Loved this book. This is a memoir of a Dragoman tour leader who led overland tours through Africa for three years from 1988-1991. I am a travel junkie myself and have participated in overland travel, including with Dragoman. I have wondered how these adventures must feel from the tour leader perspective - very much working 24/7, but trying to have an adventure themselves. Amanda Marks pulls the curtain back, shows us that the tour leader is often only one step ahead of the tour participants, winging it and hoping the stars align. This was very much the early days of Dragoman - itineraries were flexible and arriving at destinations many days behind schedule was just part of the fun. It was also interesting to see the travel through parts of Africa that have since become off limits (the Algerian-Moroccan border) or fraught with difficulty (Zaire - now DRC, and the CAR, for example). It was also interesting to see the impact of leading these tours on family life and friendships - as Dragoman took over as a surrogate family. Amanda's experiences chimed in very much with the conversations I had with Dragoman tour leaders on my tours. The story telling is superb. Just the right blend of anecdote and scene setting. For seven hours, I was immersed in Amanda's world. I could feel the excitement at seeing lions and mountain gorillas, I could feel the slog of digging Huey (the truck) out of giant muddy ditches in Zaire, I could sense the celebration of the occasional meal at a restaurant that did not involve setting up the cooking station or flapping the plates dry at the end. I wondered whether this would feel hime-spun but it wasn't. Amanda's writing and story telling is fully professional - you'd think she had been writing all her life. I should also add that I 'experienced' this book through the Audible audio version. Amanda narrates the book herself and does it so very well. Her reading is every bit as engaging as her writing and the time slipped by without my noticing. This was a day spent in very agreeable company. At the time of writing this review, Dragoman on pause. I hope it comes back to life because it brought so much fun and adventure to so many people, taking them out of their comfort zone while providing some semblance of a safety net. This novel has made my already itchy feet that bit itchier. I cannot recommend Chasing Lions highly enough. *****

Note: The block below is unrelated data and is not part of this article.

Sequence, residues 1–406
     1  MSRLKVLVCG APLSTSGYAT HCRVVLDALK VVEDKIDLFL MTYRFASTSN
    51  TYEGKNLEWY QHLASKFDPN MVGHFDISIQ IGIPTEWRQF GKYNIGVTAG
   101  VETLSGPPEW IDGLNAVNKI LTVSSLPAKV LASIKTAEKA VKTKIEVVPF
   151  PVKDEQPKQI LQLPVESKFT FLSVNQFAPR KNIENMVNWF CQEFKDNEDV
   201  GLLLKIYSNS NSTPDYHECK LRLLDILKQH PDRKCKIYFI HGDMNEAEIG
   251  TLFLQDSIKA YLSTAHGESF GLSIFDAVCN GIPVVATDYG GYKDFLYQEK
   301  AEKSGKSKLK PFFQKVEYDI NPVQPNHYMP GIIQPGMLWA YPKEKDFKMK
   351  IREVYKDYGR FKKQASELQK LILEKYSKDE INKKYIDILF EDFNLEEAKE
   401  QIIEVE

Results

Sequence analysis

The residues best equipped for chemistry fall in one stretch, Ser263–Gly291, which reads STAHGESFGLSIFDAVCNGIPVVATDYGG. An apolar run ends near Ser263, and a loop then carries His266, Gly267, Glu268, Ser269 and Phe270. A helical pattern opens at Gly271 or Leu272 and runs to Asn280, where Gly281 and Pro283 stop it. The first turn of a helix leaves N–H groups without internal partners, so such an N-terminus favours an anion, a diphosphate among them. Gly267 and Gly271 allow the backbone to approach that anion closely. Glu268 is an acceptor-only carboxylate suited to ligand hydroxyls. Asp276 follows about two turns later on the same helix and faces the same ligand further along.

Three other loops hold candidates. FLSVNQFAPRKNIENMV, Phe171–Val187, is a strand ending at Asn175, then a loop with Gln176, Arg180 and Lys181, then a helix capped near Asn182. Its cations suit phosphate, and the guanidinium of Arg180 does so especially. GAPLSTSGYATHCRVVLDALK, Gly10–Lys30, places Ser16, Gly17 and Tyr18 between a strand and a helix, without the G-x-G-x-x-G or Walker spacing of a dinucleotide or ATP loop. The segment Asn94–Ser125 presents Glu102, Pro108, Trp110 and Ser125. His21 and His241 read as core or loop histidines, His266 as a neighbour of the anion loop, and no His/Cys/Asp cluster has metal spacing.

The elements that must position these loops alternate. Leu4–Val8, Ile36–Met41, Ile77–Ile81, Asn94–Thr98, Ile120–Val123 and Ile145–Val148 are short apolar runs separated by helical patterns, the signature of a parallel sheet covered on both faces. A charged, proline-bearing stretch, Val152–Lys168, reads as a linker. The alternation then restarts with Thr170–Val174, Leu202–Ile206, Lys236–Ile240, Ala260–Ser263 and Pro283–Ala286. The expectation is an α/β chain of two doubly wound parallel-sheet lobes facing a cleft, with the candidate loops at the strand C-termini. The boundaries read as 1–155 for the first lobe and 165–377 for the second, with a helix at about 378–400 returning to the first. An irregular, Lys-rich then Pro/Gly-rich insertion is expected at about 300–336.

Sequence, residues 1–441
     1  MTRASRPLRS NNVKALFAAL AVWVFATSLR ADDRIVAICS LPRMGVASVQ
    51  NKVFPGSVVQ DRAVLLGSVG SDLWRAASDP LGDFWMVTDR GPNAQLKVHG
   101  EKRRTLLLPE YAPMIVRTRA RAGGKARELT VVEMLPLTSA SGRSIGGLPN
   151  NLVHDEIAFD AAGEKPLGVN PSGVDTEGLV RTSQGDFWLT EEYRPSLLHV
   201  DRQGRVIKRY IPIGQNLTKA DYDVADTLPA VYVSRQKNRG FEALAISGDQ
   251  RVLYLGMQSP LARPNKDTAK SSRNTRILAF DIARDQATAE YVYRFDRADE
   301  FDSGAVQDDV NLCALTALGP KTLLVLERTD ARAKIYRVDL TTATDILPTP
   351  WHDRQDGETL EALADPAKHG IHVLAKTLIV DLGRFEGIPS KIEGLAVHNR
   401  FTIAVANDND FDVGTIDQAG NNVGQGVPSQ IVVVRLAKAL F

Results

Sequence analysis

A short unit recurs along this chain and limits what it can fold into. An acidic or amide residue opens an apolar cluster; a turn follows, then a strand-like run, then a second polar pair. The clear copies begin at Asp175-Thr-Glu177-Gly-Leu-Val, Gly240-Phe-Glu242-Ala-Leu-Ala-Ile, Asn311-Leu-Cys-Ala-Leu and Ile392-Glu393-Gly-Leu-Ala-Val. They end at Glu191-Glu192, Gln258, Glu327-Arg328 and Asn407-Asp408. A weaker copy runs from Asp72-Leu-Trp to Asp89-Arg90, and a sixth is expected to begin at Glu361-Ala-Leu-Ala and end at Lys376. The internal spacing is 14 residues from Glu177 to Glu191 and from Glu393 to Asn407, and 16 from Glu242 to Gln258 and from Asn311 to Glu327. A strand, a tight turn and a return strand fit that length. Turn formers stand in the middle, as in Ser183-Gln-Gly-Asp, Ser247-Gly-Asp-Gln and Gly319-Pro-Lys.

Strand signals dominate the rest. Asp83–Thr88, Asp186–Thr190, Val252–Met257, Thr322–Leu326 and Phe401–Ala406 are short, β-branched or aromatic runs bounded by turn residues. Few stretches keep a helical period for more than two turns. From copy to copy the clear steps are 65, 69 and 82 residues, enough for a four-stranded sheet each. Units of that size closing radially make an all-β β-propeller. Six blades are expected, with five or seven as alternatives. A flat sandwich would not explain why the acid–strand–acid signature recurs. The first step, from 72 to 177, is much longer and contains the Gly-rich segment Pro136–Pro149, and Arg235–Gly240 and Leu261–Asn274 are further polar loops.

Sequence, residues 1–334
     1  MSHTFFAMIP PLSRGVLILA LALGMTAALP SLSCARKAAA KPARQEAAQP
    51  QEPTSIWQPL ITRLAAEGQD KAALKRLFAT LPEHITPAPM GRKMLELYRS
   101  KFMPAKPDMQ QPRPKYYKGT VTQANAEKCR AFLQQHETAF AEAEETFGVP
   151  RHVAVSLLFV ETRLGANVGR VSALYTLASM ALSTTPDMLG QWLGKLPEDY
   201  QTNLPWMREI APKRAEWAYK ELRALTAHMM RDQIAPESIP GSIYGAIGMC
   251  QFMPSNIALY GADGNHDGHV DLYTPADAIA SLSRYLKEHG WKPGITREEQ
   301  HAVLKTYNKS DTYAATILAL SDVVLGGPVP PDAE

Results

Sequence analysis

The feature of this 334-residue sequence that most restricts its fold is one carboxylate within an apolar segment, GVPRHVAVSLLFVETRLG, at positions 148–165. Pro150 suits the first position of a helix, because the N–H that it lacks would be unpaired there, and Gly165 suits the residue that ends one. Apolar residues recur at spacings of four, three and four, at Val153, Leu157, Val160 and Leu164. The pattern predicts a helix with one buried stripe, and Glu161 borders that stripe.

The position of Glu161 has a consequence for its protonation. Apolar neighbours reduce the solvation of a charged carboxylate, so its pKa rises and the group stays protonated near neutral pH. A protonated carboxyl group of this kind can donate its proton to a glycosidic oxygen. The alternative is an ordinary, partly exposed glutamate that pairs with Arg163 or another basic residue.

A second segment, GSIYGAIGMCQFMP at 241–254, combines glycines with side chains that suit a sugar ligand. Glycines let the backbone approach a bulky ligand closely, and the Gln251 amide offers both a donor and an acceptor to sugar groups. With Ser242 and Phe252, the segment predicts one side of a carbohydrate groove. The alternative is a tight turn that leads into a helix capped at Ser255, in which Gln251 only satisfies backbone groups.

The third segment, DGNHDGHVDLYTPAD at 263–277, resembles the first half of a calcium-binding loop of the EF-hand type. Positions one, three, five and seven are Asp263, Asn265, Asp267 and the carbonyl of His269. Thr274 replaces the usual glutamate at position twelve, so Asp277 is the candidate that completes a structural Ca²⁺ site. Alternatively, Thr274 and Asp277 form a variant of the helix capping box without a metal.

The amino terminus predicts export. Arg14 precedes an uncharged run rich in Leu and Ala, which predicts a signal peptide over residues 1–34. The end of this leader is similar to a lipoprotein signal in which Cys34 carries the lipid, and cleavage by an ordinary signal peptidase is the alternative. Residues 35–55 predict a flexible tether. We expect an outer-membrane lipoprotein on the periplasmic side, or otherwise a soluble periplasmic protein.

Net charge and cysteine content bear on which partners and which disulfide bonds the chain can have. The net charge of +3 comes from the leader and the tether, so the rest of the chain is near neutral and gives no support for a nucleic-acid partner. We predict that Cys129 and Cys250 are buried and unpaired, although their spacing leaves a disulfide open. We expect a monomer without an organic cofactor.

3. Wake - Shelley Burr

    Wake is a solid Australian Noir. WAKE: Wednesday Addams killed Evelyn. Lane Holland is a small time private investigator chasing rewards offered for solving cold cases. He rocks up in Nannine, rural New South Wales, to see whether he can shed light on the disappearance of nine year old Evie McCreery over a decade ago. Evie disappeared in the night from a remote farm station. Only her sister Mina and the farm manager's wife were on site, and the site is larger than some small countries. Lane finds Mina McCreery, now grown up, still living at the station. Her father is away, the old farm manager and his wife kept on more from habit than from any real job of work to do. The McCreerys are rich and they have abandoned all pretence of actually farming the land. Mina says she is desperate to find out what happened to Evie, but not quite desperate enough to want Lane to come in a rake over the very cold coals. The story is taut. Both Lane and Mina have secrets that drive them in seemingly perverse directions. They barely trust one another, and in this small community, nobody trusts them. Their characters, and those of the supporting cast, feel real and complex. The setting feels authentic almost to the point that the reader can feel the dust blowing in the wind. The point of view shifts from Lane to Mina - and sometimes further afield - creating interest and suspense as the scene cuts away at the crucial moment. There are red herrings and blind alleys, there are sub-plots and history. The storytelling craft is really there and the novel is hard to put down. If there is a flaw, it is in an ending that doesn't quite feel satisfactory. There are loose ends and unanswered questions. Maybe that is part of the game - to keep the reader thinking - but sometimes a good journey needs a destination to match. Does that sound too cryptic? There have been a number of regional Australian noir novels in recent years; this one is up there with the best. ****